The suspects were detained in the lockup facility of the municipal police station. Officers of the Moises Padilla municipal police station served the warrant issued by Judge Cyclamen Jison Fernandez of the Regional Trial Court Branch 63 in La Carlota City dated Feb. 26, 2020. No bail bond was recommended for their temporary liberty./PN BACOLOD City – Four murder suspects were arrested in Barangay Inolingan, Moises Padilla, Negros Occidental. Residents Julie Gelacio, 28; Romel Gelacio, 24; and Sandy Alvarez, 24, were caught on the strength of an arrest warrant around 10:30 a.m. on June 21, a police report showed.The 29-year-old resident Lonie Jainar, meanwhile, was nabbed later that day, it added.
Bob Zoubek raced his way onto the Fast Shafts All-Star Invitational ballot by winning Saturday’s IMCA Modified feature at Eagle Raceway. (Photo by Joe Orth)By Greg SoukupEAGLE, Neb. (May 5) – Bob Zoubek put his name on the Fast Shafts All-Star Invitational ballot with a $1,000 IMCA Modified win Saturday at Eagle Raceway’s Royal Flush Rush.Zoubek had started 10th and took the checkers ahead of Jeff Schroyer.“The track was really racy. There were two lines and they were both fast,” he said. “We just kind of came through there nice and slow and stayed out of trouble. Jeff kind of had the better line for awhile there, but I finally got around him and drove away a little.”Nate Thompson, Schroyer, Jaxon Saathoff and Justin Wulf had led the field after the initial lap. Chad Andersen cracked the top four on lap two before moving up to third the next time around.Zoubek advanced to fourth following a spin by Andersen. Wulf grabbed second on the restart as Zoubek moved to third and Johnny Saathoff took fourth. Zoubek and Saathoff passed Wulf with 12 to go, moving to second and third, respectively.Two laps later, Zoubek snagged the lead as Dan Nelson moved to fourth. With five to go, there was a caution for debris on the track, bunching the field. Saathoff advanced to second with three circuits remaining as Wulf fell to fourth. Wulf got back to second the next lap, but lost the spot to Schroyer who passed him on the last lap.Other feature winners Saturday at Eagle included 12th starting Trevor Grossenbacher in the IMCA RaceSaver Sprint Cars, Shawn Harker in the Purdue University IMCA Northern SportMods, Jeff Ware in the Valentino’s IMCA Hobby Stocks and Trenten Fugett in the ATV Motorsports IMCA Sport Compacts.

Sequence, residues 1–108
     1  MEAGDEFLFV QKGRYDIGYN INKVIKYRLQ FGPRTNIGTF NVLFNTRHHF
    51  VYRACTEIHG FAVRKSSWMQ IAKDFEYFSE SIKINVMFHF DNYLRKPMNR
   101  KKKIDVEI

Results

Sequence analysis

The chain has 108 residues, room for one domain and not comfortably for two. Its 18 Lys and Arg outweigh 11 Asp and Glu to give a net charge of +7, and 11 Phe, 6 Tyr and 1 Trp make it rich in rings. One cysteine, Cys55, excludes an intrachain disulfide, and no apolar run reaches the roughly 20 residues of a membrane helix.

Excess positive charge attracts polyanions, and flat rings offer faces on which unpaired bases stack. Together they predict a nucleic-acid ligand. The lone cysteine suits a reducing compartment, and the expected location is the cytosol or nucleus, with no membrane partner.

Melbourne: India became the first team to sail through to the semi-finals of the Women’s T20 World Cup on Thursday as they beat New Zealand by three runs to register their third consecutive win. Chasing India’s total of 133/8, the Kiwis ended on 130/6 at the Junction Oval in Melbourne.Match nine was by far the toughest outing for the Indian eves as strike bowler Poonam Yadav was taken to the cleaners by Amelia Kerr in the death overs. But the Indians players kept their cool and even affected a run out of the last ball.Earlier, winning the toss, New Zealand sent India in and the Indian girls started well as they were comfortably placed at 75/2 at the end of the first ten overs. While Smriti Mandhana failed to do much and was sent back to the dugout for 11, Shafali Varma continued her swashbuckling run and along with Taniya Bhatia put up 51-run partnership.The day once again belonged to 16-year-old Shafali as she hit a 34-ball 46, with two 4s and three 6s. Skipper Harmanpreet Kaur failed again as she managed just 1. It was Radha Yadav (14 off 9) and Shikha Pandey (10 off 14) who ensured that the Indian bowlers had something to defend.The Kiwi batsmen failed to start well and with captain Sophie Devine (14) also failing to keep her rich vein of form going, it was all about keeping it tight for the Indian spinners. With New Zealand requiring 11 runs off the last 4 balls, it looked like a Super Over was in the offing, but the Kiwis fell short by three in the end even though Kerr played a brilliant knock (34* off 19 balls).With Deepti, Shikha, Rajeshwari, Poonam and Radha adding one wicket each to their tally, the Indian eves sealed their spot in the semi-finals with Shafali declared Player of the Match.Brief Scores: India 133/8 (Shafali 46; Kerr 2/21); New Zealand 130/6 (Kerr 34*, Shikha 1/21). IANSAlso Read: India, other emerging powers can fill space vacated by USAlso Watch: Rapido Captains become jobless from Satuday! Expressed their pain before THE SENTINEL DIGITAL
London: Liverpool legend Sir Kenny Dalglish has tested positive for COVID-19 but is showing no symptoms, his family has announced. The Dalglish family released a statement on Friday saying the 69-year-old was admitted to hospital on Wednesday for treatment of an infection and received a routine test for coronavirus.”Unexpectedly, the test result was positive but he remains asymptomatic,” the statement read. “Prior to his admission to hospital, Sir Kenny had chosen to voluntarily self-isolate for longer than the advised period together with his family.” “He looks forward to being home soon. We will provide further updates as and when it is appropriate.” IANSAlso Read: No oxygen, endless minutes of fear: Liverpool goalkeeper Pepe ReinaAlso Watch: Sellers take advantage of helplessness of panic stricken citizens by overpricing commodities